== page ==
To be an architect in the United States you must complete a professional degree program in architecture, complete a
three-year internship (working under the supervision of a licensed architect) and pass the Architect Registration Exam.
Successful applicants to graduate school in architecture will be able to demonstrate their ability to think three
dimensionally, communicate effectively, both verbally and visually, and have some understanding of the profession of
Graduates of UCSD will pursue a three year Master of Architecture (M.Arch.) degree. There are some sixty such programs
in the United States. The Association of Collegiate Schools of Architecture, on the Web at http://www.acsa-arch.org, has links
to member as well as non-member schools. The American Institute of Architecture also lists programs accredited by the
National Architectural Accrediting Board (NAAB) at www.naab.org. NAAB website allows searching capabilities by state,
region, or degree type.
Professional Education in Architecture
The two accredited program types are the Bachelor of Architecture (B.ARCH) and the Master of Architecture (M.ARCH). The
education component can be fulfilled in one of three ways, but should be completed in an accredited professional degree
program. These avenues to licensure are:
1. 5 year Bachelor of Architecture (a professional degree) + at least a 3 year internship, or
2. 4 year "pre-professional" Bachelor of Arts degree with a major in a related field like architecture or
environmental design + 2 year Master of Architecture (professional degree) + 3 year internship, or
3. 4 year undergraduate degree in any major + a 3 year (or 3 ½) Master of Architecture (professional degree) +
3 year internship.
Most UCSD students, with undergraduate degrees in majors other than architecture, (schools welcome students from all
majors), will follow the third alternative listed above. Schools in California that offer M.ARCH programs for those with
undergraduate degrees in fields other than architecture are UCLA, UC Berkeley, Cal Poly Pomona, SCI-ARC (Southern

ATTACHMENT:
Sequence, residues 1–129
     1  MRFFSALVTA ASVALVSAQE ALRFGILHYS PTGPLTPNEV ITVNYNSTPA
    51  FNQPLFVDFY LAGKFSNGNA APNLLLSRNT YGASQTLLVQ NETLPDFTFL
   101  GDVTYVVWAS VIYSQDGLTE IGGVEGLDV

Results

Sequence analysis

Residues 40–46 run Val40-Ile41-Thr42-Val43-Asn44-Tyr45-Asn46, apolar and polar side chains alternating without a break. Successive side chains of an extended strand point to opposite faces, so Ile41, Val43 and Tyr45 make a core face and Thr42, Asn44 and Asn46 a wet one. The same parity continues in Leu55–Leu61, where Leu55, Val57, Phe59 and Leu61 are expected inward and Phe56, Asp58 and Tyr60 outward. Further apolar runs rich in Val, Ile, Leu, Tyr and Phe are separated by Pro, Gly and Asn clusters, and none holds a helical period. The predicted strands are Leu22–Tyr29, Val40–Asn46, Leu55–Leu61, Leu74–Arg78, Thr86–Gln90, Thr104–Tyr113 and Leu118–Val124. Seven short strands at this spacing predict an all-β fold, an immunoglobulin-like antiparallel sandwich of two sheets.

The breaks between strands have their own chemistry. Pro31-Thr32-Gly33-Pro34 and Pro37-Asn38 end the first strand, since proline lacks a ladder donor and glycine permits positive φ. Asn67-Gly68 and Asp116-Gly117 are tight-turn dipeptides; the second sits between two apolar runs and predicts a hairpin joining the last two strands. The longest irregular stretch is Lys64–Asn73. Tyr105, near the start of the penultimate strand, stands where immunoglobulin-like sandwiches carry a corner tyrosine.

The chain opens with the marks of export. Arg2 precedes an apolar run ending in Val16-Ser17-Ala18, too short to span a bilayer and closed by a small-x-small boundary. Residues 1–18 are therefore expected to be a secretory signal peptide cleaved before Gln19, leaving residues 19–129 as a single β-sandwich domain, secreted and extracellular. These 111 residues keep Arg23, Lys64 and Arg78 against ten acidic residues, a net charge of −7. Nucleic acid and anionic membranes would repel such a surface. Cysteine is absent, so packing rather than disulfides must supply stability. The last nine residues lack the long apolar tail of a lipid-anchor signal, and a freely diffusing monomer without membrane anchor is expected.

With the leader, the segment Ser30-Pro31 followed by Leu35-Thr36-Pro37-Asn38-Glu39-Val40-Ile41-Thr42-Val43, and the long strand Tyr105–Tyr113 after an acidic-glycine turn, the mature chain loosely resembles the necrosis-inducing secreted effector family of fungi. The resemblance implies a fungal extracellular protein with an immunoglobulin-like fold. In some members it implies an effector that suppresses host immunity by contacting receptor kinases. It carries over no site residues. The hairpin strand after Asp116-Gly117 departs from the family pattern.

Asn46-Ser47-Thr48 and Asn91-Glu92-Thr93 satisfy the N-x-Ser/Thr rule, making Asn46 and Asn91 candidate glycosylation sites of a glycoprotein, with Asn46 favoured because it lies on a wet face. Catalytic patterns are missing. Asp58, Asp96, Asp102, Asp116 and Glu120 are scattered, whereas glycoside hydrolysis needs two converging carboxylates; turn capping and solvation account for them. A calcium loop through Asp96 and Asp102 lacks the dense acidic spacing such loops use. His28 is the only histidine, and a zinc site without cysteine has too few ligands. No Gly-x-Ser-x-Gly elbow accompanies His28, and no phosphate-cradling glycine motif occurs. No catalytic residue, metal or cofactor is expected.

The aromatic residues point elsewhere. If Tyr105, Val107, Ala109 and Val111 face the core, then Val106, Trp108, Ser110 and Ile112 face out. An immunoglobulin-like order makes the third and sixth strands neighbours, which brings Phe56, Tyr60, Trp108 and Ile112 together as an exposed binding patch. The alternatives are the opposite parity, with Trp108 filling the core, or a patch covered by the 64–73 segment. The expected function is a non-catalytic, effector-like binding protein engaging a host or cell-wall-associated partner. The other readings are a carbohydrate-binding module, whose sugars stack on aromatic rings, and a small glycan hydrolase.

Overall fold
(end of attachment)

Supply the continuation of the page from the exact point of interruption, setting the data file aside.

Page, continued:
California Institute of Architecture) in Santa Monica, and the Newschool of Architecture in San Diego.
The curriculum in architecture graduate programs typically includes architectural design and theory, substantial studio work,
visual studies, architectural history, graphic skills and professional practice.
The internship period (at least 3 years of full-time, salaried work under a registered architect) following professional education
is actually an entry-level job. These jobs are difficult to obtain, so gaining some substantive experience in the field during
undergraduate and graduate years, through internships and summer employment, will significantly increase the opportunity to
obtain entry-level employment on completion of the architecture degree. In particular, working for a building construction
company or an architect can be helpful.
The licensing exam, taken after the internship is completed, is the last step to becoming an architect. This is a rigorous,
comprehensive exam taken over several days.
Admissions requirements vary from school to school. In addition to a completed application and college transcripts,
admissions requirements may include:
Completion of specified undergraduate course work
Statement of purpose
Letters of recommendation
Scores from the Graduate Record Examination (GRE) General Test
Minimum grade point average
Pre-requisite course requirements vary from school to school. Some require a minimum of one course in college calculus
and one course in physics, preferably mechanics. Some also require that applicants complete survey courses in art history or
the history of architecture. Preparation in the visual arts is desirable and may include drawing, sculpture, and/or graphics.